There are well over 50 companies that provide AMS products to the association market. They range from products designed for very small associations all the way up to enterprise systems selling for six or seven figures fully installed. (Click here to see a list of all these different vendors.)
For a handful of these vendors, you have the option of working directly with the software provider to install and support the software, or you can opt to work with an implementation partner. An implementation partner is typically a consulting services firm that has been certified by the software vendor — meaning the implementation partner knows the product and can help you successfully implement the software.
The question is, if you have the option of working with the vendor directly or working with an implementation partner, how do you choose? What are the benefits of each approach?
Working Directly with the Vendor
The primary benefit of working directly with the vendor is that there is no middle-man between you and the software provider. In theory at least, this means you have direct access to the expertise and thinking behind the software, and that you can directly or indirectly influence the development of the software.
This also means that if there is a problem with the software itself, you can go directly to the source to complain and to work to get the software fixed.
On the downside, most of the vendors who work with implementation partners are larger companies, which means your association is just one of hundreds of associations that the vendor is working with. You could be a small fish in a very large pond, making it harder to get the level of service you would like from your partner.
In addition, because these companies are larger, their overhead tends to be higher, which typically translates into higher direct costs for service (i.e., a higher hourly rate for time and materials work) as compared to the smaller implementation partners.
Working with an Implementation Partner
Not surprisingly, the benefits (and drawbacks) of working with an implementation partner are the mirror opposite of those benefits and drawbacks of working directly with the software vendor.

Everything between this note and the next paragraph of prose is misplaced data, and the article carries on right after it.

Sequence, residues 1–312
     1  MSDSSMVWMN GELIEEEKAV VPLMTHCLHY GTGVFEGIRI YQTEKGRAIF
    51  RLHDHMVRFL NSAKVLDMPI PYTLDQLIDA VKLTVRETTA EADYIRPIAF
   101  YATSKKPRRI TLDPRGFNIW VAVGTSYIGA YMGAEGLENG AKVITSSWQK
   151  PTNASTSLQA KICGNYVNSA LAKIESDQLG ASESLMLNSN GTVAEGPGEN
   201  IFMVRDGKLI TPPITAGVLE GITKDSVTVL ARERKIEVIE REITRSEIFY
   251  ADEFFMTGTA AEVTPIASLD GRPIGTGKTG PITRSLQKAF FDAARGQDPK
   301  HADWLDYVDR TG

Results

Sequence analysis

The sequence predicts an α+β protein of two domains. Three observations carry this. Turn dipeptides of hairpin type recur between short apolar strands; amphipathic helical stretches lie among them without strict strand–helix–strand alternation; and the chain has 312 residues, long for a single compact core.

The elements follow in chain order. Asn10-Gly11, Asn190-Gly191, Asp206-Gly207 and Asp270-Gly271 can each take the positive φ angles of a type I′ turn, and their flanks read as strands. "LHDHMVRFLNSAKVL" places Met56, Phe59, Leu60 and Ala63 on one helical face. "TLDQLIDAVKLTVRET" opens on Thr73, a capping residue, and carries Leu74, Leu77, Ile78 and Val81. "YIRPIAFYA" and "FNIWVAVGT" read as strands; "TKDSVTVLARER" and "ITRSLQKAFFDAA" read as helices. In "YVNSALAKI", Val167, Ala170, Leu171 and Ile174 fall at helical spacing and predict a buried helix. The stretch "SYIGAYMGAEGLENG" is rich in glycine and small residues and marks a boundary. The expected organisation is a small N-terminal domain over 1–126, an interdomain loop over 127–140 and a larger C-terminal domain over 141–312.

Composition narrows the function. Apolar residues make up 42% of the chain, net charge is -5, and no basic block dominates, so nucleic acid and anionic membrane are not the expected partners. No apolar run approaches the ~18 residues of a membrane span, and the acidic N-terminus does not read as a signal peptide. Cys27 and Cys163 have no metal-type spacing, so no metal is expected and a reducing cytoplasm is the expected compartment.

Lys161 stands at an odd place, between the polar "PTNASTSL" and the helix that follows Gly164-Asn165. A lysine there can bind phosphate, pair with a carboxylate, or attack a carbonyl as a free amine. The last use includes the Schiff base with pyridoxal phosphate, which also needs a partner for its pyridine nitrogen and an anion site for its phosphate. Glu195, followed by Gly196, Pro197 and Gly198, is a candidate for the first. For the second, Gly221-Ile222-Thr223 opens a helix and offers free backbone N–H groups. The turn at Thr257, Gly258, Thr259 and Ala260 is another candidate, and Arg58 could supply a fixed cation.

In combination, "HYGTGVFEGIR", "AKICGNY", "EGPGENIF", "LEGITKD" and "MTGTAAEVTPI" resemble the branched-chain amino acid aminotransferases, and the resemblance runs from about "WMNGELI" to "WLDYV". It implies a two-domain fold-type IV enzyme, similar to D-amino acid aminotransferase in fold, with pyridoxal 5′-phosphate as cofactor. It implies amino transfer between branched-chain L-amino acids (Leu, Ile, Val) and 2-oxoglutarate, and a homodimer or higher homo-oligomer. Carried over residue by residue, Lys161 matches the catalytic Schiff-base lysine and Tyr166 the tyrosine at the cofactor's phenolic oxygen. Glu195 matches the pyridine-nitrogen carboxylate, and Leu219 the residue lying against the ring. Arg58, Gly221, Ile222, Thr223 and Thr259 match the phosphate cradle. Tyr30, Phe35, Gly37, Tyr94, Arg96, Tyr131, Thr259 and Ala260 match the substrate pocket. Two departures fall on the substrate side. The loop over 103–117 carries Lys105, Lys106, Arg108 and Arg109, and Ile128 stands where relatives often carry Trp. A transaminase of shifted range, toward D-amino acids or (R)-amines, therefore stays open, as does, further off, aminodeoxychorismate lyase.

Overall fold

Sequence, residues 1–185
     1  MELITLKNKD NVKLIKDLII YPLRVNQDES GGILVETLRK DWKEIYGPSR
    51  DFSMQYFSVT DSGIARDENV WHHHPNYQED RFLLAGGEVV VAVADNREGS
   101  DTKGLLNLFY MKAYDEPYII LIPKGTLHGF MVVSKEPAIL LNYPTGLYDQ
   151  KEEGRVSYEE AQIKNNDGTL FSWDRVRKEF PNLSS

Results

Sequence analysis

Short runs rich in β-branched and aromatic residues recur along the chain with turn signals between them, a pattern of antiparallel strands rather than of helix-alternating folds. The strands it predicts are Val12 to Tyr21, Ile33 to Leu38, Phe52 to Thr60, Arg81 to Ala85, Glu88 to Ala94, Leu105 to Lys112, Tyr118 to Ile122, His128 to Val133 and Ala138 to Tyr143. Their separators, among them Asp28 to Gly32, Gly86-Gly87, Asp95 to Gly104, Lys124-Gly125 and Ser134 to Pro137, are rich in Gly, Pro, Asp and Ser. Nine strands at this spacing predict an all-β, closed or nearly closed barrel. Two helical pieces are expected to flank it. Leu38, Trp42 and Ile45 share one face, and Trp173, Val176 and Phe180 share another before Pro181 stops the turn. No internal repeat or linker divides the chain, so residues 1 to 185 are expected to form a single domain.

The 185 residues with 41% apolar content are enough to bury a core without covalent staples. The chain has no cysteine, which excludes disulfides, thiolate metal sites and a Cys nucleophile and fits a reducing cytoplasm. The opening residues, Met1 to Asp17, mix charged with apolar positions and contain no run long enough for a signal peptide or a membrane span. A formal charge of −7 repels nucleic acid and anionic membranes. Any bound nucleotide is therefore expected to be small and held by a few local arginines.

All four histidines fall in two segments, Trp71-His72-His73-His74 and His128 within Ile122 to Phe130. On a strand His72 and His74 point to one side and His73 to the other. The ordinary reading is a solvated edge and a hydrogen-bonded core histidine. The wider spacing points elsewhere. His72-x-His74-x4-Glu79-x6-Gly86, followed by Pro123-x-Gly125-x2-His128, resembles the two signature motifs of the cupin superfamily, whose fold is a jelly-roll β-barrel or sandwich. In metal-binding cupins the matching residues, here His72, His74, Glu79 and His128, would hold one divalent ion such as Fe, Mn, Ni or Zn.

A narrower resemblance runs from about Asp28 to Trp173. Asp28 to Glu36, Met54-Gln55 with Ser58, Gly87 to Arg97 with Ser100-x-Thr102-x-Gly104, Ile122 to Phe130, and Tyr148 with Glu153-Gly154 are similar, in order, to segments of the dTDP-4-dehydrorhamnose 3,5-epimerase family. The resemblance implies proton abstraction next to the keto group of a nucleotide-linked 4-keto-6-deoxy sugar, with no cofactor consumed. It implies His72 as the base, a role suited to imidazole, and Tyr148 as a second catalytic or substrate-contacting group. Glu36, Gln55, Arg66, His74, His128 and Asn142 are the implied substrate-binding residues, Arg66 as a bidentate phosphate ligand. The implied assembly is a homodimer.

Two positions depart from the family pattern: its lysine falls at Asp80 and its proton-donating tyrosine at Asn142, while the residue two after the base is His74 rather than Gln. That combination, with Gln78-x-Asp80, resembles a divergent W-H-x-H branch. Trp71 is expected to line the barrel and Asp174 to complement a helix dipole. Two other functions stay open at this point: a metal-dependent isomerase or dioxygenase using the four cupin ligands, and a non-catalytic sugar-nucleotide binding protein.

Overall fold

Implementation partners tend to be smaller than the software vendors they are working with. They will have fewer clients than the software vendor itself, and can typically provide a higher level of customer service.
In addition, because the implementation partners are smaller with lower overhead, they tend to charge lower prices, and over the course of a complete system installation, that can result in significant savings as compared to working with the vendor directly.
On the downside, of course, is that you’re not working directly with the vendor. And as some of my clients have seen, this can lead to a “that’s not our problem” situation, where the software vendor and the implementation partner each blame the other for issues that arise.
So what’s it going to be?
Which approach is right for you? That depends on your needs and budget, as well as your organization’s culture. For some of my clients, working directly with the vendor is the only way to go. They don’t want a middle-man involved, regardless of cost. For others, using an implementation partner means a higher-touch relationship and lower costs.
Only you can decide what’s best for your organization. But for those vendors that have implementation partners, it provides one more implementation option for their customers.
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